Last year, Jake launched his Jake Gives Back program, with UC Davis the first recipient of his largesse. Although Jake hopes for a scholarship to a university such as Davis, where he would like to continue his beekeeping and apicultural research, he imagines he may, at some point, be able to put away some money toward college. In the meantime, his income goes toward philanthropy or back into the business.
“Jake has learned a lot about business,” says Becky. “Our roles are minimal; it’s his business. He’s the one making the decisions about the hive, talking with wholesale accounts, speaking with the chef in the kitchen, dealing with the bank and quantifying the value of honey based on the cost of doing business.
“It’s interesting to see how he approaches people; he has his own style, and people enjoy him. Jeff and I just let him go. The only thing we have to do is drive him places. It would be hard to put on his beekeeping suit, grab his smoker and his tools, and hop on his bike.”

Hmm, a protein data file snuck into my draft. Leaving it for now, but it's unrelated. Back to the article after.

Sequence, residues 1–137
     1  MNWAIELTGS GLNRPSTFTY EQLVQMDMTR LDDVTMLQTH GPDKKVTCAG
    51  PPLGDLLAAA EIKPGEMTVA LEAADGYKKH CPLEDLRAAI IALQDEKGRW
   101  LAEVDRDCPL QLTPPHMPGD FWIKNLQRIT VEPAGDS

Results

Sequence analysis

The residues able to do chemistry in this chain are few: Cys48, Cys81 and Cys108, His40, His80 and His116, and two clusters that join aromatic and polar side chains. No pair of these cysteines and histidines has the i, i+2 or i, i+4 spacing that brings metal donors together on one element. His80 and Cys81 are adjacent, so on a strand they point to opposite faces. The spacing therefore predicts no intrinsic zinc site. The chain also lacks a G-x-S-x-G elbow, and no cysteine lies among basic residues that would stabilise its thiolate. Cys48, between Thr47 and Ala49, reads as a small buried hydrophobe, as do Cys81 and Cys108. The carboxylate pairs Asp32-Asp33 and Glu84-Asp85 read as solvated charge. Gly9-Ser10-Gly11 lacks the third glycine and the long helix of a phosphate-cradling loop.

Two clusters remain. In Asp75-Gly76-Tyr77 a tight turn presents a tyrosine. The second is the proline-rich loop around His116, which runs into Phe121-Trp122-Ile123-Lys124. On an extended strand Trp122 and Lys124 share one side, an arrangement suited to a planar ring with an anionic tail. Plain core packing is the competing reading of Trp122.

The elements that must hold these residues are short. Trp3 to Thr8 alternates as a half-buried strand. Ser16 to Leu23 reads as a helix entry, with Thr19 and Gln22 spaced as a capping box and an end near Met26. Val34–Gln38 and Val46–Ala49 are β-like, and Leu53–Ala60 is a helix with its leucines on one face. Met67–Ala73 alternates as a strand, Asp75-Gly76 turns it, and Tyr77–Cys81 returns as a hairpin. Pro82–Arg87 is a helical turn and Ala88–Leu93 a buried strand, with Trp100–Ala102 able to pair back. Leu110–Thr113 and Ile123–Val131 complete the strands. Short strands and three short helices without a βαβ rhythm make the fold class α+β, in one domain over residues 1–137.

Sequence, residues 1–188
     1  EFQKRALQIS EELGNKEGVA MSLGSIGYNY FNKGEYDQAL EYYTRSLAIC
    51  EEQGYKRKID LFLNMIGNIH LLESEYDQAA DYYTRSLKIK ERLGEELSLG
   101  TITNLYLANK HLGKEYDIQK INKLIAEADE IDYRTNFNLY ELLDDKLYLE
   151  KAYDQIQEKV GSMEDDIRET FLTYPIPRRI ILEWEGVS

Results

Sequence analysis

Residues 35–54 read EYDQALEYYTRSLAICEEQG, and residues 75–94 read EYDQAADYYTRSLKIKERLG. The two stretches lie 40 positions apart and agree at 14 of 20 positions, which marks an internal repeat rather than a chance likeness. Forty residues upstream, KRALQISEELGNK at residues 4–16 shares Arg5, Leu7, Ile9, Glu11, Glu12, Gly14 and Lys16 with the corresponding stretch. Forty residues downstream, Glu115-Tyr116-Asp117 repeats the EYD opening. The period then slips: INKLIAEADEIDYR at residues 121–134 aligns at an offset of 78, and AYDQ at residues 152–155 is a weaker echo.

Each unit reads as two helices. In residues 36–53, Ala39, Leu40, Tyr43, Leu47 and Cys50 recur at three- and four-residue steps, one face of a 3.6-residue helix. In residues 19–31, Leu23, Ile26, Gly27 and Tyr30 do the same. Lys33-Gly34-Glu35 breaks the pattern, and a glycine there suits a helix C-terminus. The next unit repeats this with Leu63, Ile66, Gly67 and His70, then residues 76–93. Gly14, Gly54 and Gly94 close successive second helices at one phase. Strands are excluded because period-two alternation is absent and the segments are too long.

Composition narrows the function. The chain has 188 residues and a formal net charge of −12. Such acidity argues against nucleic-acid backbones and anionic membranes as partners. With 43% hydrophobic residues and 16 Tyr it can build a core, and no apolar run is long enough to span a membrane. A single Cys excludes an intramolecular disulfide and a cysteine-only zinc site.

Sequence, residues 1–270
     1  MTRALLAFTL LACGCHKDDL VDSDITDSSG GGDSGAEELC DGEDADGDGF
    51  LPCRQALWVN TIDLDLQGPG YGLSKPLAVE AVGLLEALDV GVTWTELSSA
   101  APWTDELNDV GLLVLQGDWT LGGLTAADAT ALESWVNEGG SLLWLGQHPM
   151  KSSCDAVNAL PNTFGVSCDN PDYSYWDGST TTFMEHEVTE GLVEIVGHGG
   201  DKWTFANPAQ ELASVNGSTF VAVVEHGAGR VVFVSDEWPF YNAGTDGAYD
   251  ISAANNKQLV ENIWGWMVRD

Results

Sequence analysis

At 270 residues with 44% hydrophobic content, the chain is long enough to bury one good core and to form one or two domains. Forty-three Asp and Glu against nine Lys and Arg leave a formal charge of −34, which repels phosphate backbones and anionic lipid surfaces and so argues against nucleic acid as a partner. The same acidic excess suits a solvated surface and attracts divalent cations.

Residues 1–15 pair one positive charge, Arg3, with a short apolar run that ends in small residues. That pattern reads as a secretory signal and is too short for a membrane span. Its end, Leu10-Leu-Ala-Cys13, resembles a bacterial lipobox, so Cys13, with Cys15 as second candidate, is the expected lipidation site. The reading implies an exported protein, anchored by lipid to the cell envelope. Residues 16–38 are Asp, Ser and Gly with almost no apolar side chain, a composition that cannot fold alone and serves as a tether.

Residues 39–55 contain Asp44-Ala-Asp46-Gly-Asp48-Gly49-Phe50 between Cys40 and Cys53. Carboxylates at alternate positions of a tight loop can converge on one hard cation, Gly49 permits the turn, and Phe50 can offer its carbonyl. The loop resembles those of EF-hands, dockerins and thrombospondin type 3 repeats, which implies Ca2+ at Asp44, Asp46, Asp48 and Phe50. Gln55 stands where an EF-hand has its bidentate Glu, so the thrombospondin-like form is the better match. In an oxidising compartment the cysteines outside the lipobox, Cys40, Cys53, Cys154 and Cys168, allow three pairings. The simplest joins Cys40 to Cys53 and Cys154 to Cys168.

Now two years into his venture, it’s clear Carmel Honey Co. is no passing childhood interest. Indeed, Jake’s vision for his business is to expand into importing honeys from around the world. He already is introducing sage honey from North Dakota and meadow foam honey from Oregon, which Jake thinks tastes like toasted marshmallows. This summer, he and his family will travel to France, the first of many international destinations he has in mind for his sweet pursuit.
“My goal,” says Jake, “is to bring you the best honey in the world, and I am determined to travel the globe to find it, and bring it back here.”
Lisa Crawford Watson lives with her family on the Monterey Peninsula, where she is a freelance writer and an instructor of writing and journalism at California State University Monterey Bay and Monterey Peninsula College.
Carmel Honey Co.